It’s been longer than I realized since I’ve written here, and I have some ideas on how I’d like to improve my blog as I return to it. I think it will help me organize my ideas if I refocus on a few major topics. Writing and books, science and other geeky news, and gaming, mostly. There will still be an occasional recipe and other randomness, because I love finding new things to share.
Today I’ve signed up for an event on short notice, and I’m sorry I couldn’t give more fair warning. I’m seeking sponsors for the Extra Life gaming marathon this Saturday, October 15th. I’ll be playing one of my favorite old MMOs – Anarchy Online.
Here’s a link to my sponsor page:
All the proceeds from the marathon are going to support Children’s Miracle Network hospitals. I’m playing in support of UH Rainbow Babies & Children’s Hospital here in Cleveland, Ohio. I think it’s hard to find a family in Cleveland whose life hasn’t been touched by the skilled teams at this hospital. I had friends growing up who might not have lived without the care they received there. And I have friends now whose children are thriving thanks to their incredible doctors.
I’ll be straight-up honest with you guys: I don’t plan to play a full 24 hours on this. I just can’t with my family’s crazy schedule. They come first, gaming is just for fun. I just thought it might be nice to use my fun time to give back a little. If you have the money to spare, please click through and pledge what you can. All donations are 100% tax-deductible.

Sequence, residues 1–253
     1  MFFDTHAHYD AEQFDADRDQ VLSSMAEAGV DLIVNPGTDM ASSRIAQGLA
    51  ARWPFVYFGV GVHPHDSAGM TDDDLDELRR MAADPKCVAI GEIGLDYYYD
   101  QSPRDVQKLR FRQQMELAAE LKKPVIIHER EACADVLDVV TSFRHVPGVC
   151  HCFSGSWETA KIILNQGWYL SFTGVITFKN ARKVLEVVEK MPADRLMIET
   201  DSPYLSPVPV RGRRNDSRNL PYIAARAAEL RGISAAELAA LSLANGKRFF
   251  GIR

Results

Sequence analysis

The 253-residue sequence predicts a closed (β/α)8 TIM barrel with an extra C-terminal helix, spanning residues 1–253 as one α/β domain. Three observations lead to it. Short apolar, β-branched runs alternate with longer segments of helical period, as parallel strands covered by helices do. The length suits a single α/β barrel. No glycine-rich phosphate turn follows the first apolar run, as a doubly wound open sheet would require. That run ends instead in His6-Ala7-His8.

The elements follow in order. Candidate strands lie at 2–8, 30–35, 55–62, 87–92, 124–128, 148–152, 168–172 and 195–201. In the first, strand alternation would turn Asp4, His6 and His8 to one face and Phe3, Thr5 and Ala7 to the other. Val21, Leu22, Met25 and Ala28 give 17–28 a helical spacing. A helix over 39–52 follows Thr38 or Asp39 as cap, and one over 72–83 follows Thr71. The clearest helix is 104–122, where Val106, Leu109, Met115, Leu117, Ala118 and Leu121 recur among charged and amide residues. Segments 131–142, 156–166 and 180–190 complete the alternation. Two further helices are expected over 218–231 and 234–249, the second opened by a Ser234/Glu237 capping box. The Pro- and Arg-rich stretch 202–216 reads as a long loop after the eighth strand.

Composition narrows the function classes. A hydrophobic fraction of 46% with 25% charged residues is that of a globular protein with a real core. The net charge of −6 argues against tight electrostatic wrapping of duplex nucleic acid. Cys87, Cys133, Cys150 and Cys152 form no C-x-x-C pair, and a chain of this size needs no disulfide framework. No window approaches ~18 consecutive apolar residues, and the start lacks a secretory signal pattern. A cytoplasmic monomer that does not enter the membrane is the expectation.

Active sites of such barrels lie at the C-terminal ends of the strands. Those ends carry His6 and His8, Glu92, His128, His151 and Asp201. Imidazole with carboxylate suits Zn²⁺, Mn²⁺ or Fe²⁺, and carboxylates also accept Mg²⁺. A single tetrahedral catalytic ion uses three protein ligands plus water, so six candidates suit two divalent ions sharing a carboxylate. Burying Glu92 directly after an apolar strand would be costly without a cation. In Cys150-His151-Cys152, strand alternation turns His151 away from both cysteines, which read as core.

Thanks for your support,
Mono Lake, California (Photo Credit: Michael Gäbler)
NASA announced an exciting discovery today at NASA TV. I wasn’t able to watch the entire thing, but it was amazing. Felisa Wolfe-Simon, an Astrobiology research fellow at Menlo Park, shared her findings about a microbe called GFAJ-1 in the family of Gammaproteobacteria. This microbe is able to live in a phosphorous-free environment by substituting arsenic for phosphorous within its biological systems, even within the backbone of its DNA. Never before have we seen an organism capable of living without one of the six primary elements of life (carbon, hydrogen, nitrogen, oxygen, phosphorus and sulfur).
Felisa Wolfe-Simon’s team discovered this bacteria living in Mono Lake, California, but its remarkable abilities really force us to re-evaluate our study and search for life both on our planet and within the greater universe. As a huge fan of both science and science fiction, I’ve always felt it was somewhat naïve for us to assume that life would only arise under the exact conditions that we ourselves find comfortable. I expect that as our ability to explore outer planets improves, we will discover many more surprises where living things evolve to thrive in wildly exotic environments. Studying the far reaches of our own planet such as deep-sea lava vents and toxic saline lakes will help us revise our definitions and understanding of what life can be, and I am looking forward to many more great discoveries to come.
You can read NASA’s official press release here: